Fly-In Fly-Out Working Arrangements Creating Stress at Home

I have always thought that the old saying “money doesn’t buy happiness” was a bit of a cliché, but recent events being reported in the media are causing me to have second thoughts. Record numbers of willing workers have flocked to the resource-rich areas in remote parts of the country chasing high wages. However, the toll this lifestyle is taking on them and their families have many of them questioning if the extra money is worth it.

There have been noticeable increases in the number of marriage break-downs in this group. Partners of the workers are expressing dissatisfaction with these new living arrangements and those with small children are lost without their usual support group of grandparents and friends. It seems that the reality of living in remote communities where they are surrounded by strangers has taken the gloss off the quest for a bigger income.

Absence of Routine a Major Stress Factor

The situation seems to be worse for the fly-in fly-out workers as opposed to those who have family accommodation in the nearest town. At least when the worker is coming home at the end of every shift, the family is able to establish some normal routines. The fly-in fly-out workers can be away for up to four weeks at a time, making the constant adjustment for their absence and then their presence very stressful.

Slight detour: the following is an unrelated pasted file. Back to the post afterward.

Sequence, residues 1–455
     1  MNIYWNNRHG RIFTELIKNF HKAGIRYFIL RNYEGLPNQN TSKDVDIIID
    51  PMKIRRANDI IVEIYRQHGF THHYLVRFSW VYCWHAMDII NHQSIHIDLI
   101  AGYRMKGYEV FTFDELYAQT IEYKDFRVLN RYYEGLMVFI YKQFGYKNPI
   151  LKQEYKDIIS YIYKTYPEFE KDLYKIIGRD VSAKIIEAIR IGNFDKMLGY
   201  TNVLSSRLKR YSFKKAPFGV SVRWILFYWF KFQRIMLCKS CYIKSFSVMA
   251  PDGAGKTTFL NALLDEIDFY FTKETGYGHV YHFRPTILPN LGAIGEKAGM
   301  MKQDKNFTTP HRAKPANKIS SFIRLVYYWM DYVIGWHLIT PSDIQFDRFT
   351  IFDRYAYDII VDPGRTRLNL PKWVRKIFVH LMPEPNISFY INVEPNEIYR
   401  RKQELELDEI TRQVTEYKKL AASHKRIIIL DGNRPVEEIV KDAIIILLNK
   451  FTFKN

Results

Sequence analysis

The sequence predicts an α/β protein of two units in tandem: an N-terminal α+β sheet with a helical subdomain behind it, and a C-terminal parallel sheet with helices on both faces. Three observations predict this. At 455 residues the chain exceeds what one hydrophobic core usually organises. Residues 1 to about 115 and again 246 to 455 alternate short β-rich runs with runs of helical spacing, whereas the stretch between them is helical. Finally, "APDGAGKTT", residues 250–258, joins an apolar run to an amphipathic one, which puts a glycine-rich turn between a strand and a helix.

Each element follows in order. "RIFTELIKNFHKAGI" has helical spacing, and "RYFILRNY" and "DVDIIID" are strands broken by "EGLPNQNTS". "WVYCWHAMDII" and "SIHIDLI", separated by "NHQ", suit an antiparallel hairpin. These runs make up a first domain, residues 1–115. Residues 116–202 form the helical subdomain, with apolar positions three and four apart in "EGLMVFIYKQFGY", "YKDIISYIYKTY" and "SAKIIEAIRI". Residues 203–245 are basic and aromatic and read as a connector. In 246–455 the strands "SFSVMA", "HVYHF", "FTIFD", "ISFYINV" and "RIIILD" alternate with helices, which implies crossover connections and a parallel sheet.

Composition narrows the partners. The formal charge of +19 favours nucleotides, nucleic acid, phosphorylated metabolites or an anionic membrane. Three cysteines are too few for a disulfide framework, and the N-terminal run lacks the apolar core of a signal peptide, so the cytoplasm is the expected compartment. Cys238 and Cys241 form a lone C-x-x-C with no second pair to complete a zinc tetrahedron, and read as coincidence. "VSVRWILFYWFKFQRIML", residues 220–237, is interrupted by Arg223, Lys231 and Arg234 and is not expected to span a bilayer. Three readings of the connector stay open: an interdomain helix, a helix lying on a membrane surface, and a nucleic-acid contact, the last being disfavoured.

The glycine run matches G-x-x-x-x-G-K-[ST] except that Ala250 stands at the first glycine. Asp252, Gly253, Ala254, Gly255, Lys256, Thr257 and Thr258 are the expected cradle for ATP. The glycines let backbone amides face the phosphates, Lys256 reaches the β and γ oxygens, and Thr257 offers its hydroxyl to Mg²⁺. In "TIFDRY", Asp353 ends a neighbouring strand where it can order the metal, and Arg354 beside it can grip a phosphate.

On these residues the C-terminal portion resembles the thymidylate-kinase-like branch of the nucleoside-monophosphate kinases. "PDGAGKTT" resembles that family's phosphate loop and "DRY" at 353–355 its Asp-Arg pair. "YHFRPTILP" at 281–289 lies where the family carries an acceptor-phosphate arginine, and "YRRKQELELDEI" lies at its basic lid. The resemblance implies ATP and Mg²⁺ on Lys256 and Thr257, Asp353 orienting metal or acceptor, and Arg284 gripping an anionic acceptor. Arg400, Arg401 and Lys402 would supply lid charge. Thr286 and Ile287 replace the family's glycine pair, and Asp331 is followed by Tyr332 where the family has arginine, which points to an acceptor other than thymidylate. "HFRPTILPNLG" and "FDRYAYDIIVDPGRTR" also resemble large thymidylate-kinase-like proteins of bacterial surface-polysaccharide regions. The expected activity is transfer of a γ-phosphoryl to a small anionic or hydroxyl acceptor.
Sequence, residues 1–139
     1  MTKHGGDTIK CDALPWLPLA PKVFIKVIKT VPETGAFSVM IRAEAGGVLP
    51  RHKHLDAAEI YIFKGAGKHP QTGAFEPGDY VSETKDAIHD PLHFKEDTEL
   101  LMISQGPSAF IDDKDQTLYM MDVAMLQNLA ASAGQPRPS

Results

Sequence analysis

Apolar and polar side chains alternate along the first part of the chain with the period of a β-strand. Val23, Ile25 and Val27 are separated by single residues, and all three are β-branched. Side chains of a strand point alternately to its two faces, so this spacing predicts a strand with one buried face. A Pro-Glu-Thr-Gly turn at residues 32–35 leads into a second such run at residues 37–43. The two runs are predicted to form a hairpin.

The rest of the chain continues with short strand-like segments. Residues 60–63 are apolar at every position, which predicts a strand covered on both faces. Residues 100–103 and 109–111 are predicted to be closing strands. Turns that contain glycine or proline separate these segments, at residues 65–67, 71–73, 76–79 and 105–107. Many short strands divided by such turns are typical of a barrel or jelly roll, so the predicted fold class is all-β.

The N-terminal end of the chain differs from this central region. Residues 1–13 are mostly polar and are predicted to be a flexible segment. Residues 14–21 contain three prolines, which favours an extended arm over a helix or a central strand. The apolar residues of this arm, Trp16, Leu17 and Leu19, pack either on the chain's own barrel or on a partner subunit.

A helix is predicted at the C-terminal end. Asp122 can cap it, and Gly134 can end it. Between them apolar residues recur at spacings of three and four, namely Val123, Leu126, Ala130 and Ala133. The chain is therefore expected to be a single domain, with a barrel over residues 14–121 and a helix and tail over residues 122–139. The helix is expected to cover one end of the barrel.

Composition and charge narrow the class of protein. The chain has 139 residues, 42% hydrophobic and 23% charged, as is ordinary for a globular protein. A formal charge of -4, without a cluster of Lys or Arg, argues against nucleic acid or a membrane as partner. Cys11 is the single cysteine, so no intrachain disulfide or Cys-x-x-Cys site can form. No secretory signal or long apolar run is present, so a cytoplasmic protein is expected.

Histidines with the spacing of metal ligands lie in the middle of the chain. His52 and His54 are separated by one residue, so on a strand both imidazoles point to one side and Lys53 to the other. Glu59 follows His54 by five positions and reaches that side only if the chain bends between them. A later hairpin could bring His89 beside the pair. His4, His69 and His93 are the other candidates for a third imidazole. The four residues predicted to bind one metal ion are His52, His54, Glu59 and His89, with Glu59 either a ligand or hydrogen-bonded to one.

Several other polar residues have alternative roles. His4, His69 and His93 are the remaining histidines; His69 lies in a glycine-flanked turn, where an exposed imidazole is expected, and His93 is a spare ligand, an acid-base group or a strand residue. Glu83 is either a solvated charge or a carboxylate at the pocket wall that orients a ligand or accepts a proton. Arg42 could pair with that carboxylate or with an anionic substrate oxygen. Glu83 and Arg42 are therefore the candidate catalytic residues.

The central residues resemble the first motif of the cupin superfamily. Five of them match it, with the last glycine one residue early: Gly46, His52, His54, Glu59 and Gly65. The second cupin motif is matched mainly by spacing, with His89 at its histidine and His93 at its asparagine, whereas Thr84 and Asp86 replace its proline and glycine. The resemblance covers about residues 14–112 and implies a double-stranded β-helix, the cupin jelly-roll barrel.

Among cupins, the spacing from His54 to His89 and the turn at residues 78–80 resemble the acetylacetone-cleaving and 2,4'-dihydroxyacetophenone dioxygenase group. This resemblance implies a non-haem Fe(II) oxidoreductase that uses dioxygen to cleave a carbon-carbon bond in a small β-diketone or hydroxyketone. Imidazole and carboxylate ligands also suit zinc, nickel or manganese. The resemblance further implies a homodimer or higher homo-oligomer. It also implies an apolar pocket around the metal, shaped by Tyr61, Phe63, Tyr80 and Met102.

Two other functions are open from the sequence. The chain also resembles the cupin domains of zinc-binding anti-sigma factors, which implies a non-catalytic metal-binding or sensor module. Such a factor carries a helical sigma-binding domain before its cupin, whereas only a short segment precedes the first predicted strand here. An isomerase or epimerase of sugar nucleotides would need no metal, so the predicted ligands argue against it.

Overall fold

I believe there is a solution that will suit some couples. Rather than abandoning the opportunity to get ahead financially, they should seek out advice before they head out to the mines. This would give them both the opportunity to discuss their concerns in a supportive environment. Knowing the difficulties in advance means that strategies can also be devised in advance.

My work with patients suffering from stress indicates to me that building resilience is one of the key factors that aid recovery. The importance of developing coping strategies, not only to manage a fly-in fly-out partner, but for any part of life that is challenging.

Partners at Home Left Bearing the Brunt

A big part of the problem is that the mine workers themselves are not the ones dissatisfied. They report that they are satisfied with their roles, although they feel undervalued by their employers, a perception the employers are working hard to change. It is the partners left at home to manage everything who are bearing the brunt of this new type of working arrangement.

This is where I see counselling having the most benefit. Working with the partners and giving them the skills and resilience they need while the miners are away would help break the stress cycle so they enjoy their time together.